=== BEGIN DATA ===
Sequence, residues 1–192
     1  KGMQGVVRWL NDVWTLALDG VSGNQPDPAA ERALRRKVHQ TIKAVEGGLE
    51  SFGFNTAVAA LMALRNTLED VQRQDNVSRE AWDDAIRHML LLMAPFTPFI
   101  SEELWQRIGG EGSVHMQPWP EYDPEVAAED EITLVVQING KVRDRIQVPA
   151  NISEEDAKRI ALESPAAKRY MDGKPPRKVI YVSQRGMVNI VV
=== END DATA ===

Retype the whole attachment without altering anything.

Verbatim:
Sequence, residues 1–192
     1  KGMQGVVRWL NDVWTLALDG VSGNQPDPAA ERALRRKVHQ TIKAVEGGLE
    51  SFGFNTAVAA LMALRNTLED VQRQDNVSRE AWDDAIRHML LLMAPFTPFI
   101  SEELWQRIGG EGSVHMQPWP EYDPEVAAED EITLVVQING KVRDRIQVPA
   151  NISEEDAKRI ALESPAAKRY MDGKPPRKVI YVSQRGMVNI VV